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'Biggest' fatberg is so lard to shift

Fat blob

He said the task is "basically like trying to break up concrete".

Even scarier than the fatberg in London's sewers is what would have happened if inspectors hadn't found it: Raw sewage could have flooded onto the streets of the east London neighborhood where it formed, according to The Guardian.

Sewer workers investigating the 'berg say that over time it has solidified, and is now as hard to remove as concrete.

The capital's largest ever recorded fatberg, weighing in at 15 tonnes, was found in Kingston in August 2013. The crews are removing 20 to 30 tonnes a day, working 8am to 5pm, seven days a week, removing the matter for disposal at a recycling site in Stratford.

In a sewer region located about 11 feet (4 meters) under the Whitechapel neighborhood in London, workers are just beginning to dismantle an inanimate but uniquely revolting inhabitant - a vast and rock-solid plug of oily waste charmingly known as a "fatberg".

Getting rid of the fatberg will require eight workers to use high-pressure hoses to break it up.

Thames Water engineers have said it will take them three-weeks to clear the mass. "It's frustrating as these situations are totally avoidable. the sewers are not an abyss for household rubbish".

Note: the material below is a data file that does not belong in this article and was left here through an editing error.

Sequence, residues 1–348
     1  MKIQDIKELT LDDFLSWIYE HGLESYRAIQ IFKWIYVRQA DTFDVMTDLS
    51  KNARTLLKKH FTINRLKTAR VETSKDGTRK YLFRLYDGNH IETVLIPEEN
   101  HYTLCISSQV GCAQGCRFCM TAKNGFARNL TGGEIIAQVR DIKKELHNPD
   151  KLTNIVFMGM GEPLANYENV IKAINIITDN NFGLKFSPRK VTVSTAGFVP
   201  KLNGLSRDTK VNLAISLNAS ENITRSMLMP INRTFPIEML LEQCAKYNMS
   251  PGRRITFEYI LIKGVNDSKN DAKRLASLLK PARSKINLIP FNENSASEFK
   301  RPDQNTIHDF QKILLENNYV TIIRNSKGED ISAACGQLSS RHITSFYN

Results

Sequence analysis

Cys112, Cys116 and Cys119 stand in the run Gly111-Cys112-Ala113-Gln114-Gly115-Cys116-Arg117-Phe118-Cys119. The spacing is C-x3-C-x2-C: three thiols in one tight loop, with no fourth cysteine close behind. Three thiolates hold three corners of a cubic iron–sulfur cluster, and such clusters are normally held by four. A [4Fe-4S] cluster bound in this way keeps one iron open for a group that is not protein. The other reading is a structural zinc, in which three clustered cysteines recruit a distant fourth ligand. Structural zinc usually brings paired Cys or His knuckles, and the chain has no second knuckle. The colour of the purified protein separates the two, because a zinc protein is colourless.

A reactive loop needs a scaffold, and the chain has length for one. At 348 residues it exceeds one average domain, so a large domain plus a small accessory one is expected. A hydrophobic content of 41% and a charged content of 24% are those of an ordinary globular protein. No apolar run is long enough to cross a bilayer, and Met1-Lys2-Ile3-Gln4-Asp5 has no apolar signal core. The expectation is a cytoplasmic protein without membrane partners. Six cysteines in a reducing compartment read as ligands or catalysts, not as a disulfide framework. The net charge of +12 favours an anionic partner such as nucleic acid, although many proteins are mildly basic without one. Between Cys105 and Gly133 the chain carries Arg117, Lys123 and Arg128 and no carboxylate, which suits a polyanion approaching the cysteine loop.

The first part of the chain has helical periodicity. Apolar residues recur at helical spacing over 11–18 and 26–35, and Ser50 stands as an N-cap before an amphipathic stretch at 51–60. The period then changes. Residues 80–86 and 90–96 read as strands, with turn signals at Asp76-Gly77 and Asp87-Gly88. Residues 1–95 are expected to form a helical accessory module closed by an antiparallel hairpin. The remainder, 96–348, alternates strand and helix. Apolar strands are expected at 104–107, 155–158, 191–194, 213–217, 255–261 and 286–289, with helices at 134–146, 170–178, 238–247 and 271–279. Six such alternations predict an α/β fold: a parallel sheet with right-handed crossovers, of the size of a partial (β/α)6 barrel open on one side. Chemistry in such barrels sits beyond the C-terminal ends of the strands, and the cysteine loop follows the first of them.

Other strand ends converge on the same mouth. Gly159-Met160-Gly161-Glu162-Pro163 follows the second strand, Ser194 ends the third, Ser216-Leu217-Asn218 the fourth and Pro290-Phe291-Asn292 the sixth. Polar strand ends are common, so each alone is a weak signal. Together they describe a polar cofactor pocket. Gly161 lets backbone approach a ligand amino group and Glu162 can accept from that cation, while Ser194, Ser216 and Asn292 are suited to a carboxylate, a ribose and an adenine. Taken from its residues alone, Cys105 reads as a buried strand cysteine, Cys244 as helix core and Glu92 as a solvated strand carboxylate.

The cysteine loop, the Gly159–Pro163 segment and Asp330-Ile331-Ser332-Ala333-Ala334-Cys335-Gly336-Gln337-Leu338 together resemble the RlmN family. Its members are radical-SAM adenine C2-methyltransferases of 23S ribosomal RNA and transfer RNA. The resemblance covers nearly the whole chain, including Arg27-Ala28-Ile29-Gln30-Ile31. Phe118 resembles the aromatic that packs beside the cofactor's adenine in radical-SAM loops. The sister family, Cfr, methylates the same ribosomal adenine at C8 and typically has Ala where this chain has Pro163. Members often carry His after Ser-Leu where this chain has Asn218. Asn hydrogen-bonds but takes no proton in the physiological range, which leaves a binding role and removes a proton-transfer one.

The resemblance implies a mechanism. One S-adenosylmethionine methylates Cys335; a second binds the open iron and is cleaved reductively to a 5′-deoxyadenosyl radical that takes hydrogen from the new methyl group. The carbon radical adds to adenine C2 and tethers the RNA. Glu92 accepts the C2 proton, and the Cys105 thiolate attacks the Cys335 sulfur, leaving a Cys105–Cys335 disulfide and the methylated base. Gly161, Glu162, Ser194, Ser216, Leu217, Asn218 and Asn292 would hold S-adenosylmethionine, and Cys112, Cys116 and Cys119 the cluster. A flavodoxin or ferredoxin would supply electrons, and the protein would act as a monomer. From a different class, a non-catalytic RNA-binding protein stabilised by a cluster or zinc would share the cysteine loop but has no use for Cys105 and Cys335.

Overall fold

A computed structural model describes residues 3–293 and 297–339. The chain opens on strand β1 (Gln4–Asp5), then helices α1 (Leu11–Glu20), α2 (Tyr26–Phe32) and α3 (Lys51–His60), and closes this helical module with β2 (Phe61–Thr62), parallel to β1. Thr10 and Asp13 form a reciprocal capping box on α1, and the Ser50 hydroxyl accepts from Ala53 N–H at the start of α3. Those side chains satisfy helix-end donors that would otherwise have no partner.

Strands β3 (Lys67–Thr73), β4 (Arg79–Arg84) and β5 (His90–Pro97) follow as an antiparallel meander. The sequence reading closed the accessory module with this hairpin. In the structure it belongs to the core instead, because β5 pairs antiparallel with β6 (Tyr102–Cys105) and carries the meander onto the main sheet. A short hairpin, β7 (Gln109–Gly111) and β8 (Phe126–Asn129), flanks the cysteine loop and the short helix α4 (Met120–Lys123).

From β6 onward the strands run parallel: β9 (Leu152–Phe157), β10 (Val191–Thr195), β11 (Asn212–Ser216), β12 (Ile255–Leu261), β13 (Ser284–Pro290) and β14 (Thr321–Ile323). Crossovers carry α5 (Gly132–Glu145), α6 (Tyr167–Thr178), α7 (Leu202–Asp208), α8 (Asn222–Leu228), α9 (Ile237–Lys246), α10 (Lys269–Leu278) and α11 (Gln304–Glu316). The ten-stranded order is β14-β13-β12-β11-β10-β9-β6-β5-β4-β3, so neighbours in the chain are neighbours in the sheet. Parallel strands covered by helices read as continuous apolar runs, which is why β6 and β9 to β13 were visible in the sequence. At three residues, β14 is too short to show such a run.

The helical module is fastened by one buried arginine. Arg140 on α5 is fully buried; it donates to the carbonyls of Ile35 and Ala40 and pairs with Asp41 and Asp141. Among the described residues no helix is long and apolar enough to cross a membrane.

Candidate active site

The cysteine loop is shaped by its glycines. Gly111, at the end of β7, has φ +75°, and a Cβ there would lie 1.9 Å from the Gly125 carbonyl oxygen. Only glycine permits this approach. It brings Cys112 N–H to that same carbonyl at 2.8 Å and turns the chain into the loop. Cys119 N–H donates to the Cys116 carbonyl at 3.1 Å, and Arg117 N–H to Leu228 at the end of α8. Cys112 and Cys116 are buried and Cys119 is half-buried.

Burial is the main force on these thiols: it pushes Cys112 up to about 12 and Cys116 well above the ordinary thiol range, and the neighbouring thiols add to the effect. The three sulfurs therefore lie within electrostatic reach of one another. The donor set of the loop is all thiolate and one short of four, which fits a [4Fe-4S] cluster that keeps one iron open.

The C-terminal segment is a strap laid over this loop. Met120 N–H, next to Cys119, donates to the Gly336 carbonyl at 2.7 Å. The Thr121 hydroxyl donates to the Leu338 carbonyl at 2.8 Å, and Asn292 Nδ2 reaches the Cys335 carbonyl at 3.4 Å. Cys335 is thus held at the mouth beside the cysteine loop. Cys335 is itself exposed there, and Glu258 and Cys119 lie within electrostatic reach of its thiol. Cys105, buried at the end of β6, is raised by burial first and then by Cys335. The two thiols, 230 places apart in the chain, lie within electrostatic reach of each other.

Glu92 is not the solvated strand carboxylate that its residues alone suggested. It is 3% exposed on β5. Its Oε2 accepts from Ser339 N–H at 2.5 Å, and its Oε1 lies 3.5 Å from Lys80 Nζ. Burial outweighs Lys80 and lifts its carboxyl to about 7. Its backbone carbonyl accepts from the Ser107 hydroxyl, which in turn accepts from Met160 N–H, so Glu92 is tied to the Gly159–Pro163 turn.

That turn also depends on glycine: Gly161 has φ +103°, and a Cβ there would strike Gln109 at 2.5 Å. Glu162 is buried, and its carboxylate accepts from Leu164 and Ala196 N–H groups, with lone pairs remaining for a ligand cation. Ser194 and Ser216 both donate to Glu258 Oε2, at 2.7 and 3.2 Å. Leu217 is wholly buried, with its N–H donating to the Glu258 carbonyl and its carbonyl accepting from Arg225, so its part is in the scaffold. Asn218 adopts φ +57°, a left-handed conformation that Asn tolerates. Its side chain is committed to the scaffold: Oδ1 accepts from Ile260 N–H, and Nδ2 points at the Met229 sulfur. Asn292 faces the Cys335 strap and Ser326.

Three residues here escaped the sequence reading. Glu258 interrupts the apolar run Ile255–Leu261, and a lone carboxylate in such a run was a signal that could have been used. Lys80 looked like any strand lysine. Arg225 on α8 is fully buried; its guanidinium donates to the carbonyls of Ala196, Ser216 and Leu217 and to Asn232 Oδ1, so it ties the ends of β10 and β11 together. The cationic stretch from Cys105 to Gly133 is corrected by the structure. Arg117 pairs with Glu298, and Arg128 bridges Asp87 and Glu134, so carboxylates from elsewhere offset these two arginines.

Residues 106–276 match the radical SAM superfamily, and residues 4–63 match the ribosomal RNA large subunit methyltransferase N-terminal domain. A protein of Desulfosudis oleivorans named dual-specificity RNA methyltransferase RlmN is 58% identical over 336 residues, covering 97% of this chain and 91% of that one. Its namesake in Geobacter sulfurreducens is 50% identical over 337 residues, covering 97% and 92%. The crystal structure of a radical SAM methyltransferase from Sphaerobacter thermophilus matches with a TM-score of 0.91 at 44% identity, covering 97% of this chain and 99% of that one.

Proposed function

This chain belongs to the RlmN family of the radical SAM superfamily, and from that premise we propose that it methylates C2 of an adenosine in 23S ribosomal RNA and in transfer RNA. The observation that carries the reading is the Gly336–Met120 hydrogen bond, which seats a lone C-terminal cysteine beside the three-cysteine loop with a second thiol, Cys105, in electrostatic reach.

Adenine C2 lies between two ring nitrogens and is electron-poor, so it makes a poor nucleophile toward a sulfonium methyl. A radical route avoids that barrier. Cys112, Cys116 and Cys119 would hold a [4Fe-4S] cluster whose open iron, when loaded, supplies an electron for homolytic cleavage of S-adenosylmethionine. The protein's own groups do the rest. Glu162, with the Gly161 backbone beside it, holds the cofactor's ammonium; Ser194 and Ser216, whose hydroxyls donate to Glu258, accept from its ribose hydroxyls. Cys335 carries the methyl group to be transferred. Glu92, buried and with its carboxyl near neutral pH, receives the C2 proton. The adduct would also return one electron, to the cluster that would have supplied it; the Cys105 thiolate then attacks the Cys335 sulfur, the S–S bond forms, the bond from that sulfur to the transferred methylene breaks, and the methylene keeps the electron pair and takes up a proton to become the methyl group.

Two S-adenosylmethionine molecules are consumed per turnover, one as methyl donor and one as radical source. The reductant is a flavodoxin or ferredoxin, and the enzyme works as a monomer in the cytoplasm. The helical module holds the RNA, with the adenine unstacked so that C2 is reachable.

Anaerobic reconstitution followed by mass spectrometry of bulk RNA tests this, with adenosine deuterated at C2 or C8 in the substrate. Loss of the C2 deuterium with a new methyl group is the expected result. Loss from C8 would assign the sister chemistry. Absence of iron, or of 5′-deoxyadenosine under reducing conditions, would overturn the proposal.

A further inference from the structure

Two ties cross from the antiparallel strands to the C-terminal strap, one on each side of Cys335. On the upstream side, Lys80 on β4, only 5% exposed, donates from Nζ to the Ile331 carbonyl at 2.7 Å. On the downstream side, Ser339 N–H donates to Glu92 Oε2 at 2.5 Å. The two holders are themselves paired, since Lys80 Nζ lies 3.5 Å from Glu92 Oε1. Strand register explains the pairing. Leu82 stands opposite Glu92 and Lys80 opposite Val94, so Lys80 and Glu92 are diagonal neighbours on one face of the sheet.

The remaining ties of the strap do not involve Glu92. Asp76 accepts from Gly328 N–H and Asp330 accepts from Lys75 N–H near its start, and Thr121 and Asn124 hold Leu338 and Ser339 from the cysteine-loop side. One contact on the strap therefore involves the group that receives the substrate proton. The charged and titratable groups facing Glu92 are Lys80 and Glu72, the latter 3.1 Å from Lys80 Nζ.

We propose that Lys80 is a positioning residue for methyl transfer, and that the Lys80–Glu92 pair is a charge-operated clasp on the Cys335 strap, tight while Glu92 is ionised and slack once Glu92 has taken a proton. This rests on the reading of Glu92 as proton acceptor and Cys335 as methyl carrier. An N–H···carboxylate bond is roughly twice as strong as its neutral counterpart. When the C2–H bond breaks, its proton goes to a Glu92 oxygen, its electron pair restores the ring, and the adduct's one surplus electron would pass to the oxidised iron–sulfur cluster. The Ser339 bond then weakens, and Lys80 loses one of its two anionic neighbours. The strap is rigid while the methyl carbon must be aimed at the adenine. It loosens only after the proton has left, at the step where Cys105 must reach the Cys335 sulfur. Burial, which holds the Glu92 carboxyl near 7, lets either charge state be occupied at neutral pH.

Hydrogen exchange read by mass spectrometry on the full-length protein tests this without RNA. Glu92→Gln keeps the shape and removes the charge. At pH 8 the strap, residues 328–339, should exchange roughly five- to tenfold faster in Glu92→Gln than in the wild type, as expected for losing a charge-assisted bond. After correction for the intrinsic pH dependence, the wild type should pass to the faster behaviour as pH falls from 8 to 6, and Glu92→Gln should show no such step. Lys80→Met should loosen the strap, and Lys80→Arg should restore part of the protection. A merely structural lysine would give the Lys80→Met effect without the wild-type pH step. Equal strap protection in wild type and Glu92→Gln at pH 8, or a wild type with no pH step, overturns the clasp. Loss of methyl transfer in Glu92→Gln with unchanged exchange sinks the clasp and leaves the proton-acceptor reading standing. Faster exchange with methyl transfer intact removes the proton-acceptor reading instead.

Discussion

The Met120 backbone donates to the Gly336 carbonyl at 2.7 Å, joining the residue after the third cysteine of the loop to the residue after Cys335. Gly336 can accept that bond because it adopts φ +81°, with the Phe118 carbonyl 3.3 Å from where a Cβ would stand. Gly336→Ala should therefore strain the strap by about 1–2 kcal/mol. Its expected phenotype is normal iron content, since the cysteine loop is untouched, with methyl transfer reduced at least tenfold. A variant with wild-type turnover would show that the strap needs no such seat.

CCTV camera inspections revealed the 1200mm-high by 700mm-wide sewer was totally blocked by the fatberg, which is 3.5 meters below ground.

Thames Water says it spends about £1m a month clearing blockages from sewers, which can help contribute to flooding.

Rimmer said: "When it comes to preventing fatbergs, everyone has a role to play". That's an average of three fat related blockages and 4.8 blockages caused by items like wet wipes every hour. Water company officials call it a fatberg.

The utility has introduced a "Bin it - Don't Block It" campaign to discourage its customers from flushing problematic items down the toilet. It also visited food outlets earlier this year to discuss how they dispose of fat and food waste.